Dress up the dessert with a drizzle of your best honey and, if you desire, some of these simple orange-nutmeg tea cookies.   

Orange Nutmeg Cookies
from The Grand Central Baking Book: Breakfast Pastries, Cookies, Pies, and Satisfying Savories from the Pacific Northwest's Celebrated Bakery
yields 4 dozen cookies

2 cups (10oz) all purpose flour
1/2 teaspoon salt
1 1/2 teaspoon freshly grated nutmeg
1 cup (8oz) unsalted butter, room temperature
3/4 cup (5.25oz) granulated sugar
1 large egg, room temperature
2 tablespoons finely grated orange zest (roughly 2 medium-large oranges)

Egg wash (1 egg beaten with 1 tablespoon water)
Turbinado sugar for rolling

In a bowl, whisk together flour, salt and nutmeg.

In the bowl of your stand mixer, cream the butter and sugar on medium-high speed until light and fluffy (approximately 5 minutes). Beat in the egg and orange zest and then reduce speed to low. Add the flour mixture and mix on low speed until just combined.  Chill the dough until firm for easier handling.

When firm, shape the dough into a long loaf (roughly 1 1/2" high and 3" wide). You may also form a cylinder if you prefer round cookies. Brush lightly with beaten egg and then coat with well Turbinado sugar.

Wrap the loaf tightly with wax paper and then chill for a minimum of 2 hours or up to 3 days before baking.  When ready to bake, preheat your oven to 350°F.

Slice the loaf into pieces and arrange on a baking sheet lined with parchment or silicone baking mats.
Bake for 20-25 minutes until light golden brown with darker edges.



  1. Ohhh, this all sounds delicious! I'm drooling!

  2. I want you to know that my trips to Hawaii and Spain were purely altruistic. I was doing research for possible future posts on your blog. I had to sacrifice myself and eat a lot more food than I would normally - in very beautiful settings - all for the sake of research. (I also had to dance late into the night on some evenings to work off all of that food which was just part of the whole package of self-sacrifice I went through.) Where do you think I came up with that Kona coffee BBQ sauce I'm working on?

    I also want you to know that I took detailed notes about all of this amazing food on these selfless trips. Unfortunately I can't read the notes because my Bain de Soleil SPF 8 spilled in my bag.

    I have realized that you have more patience than I when it comes to blogging. I like to cook the food then EAT it. Photos and writing? What a hassle; let's do that later. Pass me the ice cream before it melts.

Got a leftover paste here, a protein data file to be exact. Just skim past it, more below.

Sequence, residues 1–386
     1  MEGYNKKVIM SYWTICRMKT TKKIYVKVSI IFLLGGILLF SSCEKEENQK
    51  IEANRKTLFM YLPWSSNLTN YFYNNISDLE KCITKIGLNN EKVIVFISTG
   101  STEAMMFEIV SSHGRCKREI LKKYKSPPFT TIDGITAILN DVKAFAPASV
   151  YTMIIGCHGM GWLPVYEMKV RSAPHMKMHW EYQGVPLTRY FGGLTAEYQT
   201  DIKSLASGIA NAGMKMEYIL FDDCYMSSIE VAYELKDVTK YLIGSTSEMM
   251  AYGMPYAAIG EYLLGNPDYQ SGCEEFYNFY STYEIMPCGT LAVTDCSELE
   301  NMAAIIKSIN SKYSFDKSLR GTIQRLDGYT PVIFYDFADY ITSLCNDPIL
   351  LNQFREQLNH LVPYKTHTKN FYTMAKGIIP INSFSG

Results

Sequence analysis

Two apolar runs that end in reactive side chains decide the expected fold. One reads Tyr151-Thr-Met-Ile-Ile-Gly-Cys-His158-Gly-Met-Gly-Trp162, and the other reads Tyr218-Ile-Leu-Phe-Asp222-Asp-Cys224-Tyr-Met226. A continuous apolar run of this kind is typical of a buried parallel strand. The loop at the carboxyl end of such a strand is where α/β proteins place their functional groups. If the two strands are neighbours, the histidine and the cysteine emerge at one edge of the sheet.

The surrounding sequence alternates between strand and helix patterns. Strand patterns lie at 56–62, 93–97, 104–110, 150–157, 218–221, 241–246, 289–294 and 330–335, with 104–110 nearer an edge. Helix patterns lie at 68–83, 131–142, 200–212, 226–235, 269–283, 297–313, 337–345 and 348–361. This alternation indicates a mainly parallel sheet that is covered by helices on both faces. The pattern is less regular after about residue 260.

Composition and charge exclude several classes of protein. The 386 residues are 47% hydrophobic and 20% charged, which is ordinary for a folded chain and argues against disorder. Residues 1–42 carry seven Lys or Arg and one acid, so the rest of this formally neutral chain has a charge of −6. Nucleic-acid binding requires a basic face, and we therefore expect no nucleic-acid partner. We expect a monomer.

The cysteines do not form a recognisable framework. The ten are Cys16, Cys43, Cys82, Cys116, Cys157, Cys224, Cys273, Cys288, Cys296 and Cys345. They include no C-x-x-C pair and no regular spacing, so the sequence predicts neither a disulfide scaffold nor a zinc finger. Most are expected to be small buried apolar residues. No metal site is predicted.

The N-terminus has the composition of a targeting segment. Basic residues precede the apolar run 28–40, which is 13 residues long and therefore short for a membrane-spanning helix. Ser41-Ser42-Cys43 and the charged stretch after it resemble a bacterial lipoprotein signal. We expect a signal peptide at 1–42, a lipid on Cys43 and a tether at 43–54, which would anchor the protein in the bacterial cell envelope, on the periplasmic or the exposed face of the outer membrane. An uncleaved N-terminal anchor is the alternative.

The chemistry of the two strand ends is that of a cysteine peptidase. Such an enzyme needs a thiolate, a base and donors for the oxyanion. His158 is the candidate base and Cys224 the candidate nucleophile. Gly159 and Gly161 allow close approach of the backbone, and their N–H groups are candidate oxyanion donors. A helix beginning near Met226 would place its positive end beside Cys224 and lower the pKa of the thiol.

A kidney? Yeah, I might be willing to give one of those up. But you had better fix me something good to eat in exchange. I don't feel that guilty.

  3. How about a flunitrazepam smoothie?

  4. tried to find your raspberry rose sorbet post, as it showed up in my google reader...did it somehow disappear?

  5. That will get you a "time-out"! I'd rather have Sea Salt Caramels anyway. Thx

  6. MWT,

    That is my next blog post, one that I'm still working on. I accidentally clicked 'publish' instead of 'save' and I had to quickly pull it down. Google reader ignores this action and torments everyone.

    The Red Rose Raspberry Sorbet will be up in the coming days. :)


    I think we are both well aware that time-outs never worked on me.

  7. This ice cream looks and sounds amazing! Glad you're back :)

  8. welcome back! i was losing weight without you. and we can't have that...

  9. This looks amazing, I'm going to have to make this soon. Maybe to fill ice cream sandwiches. Welcome back too :)

  10. Orange and nutmeg sounds like an unusual and interesting combination.

  11. You crack me up! I would hold out for the kidney :)

  12. love the humble banter!
    love honey!
    love ice cream! thanks…:)

    had labaratorio's mocha choco chip & maple walnut yesterday…treadmill today a must!

  13. Mmmmm! Oh my goodness. That sounds so perfectly sweet, excellent for a summer evening. Lovely :)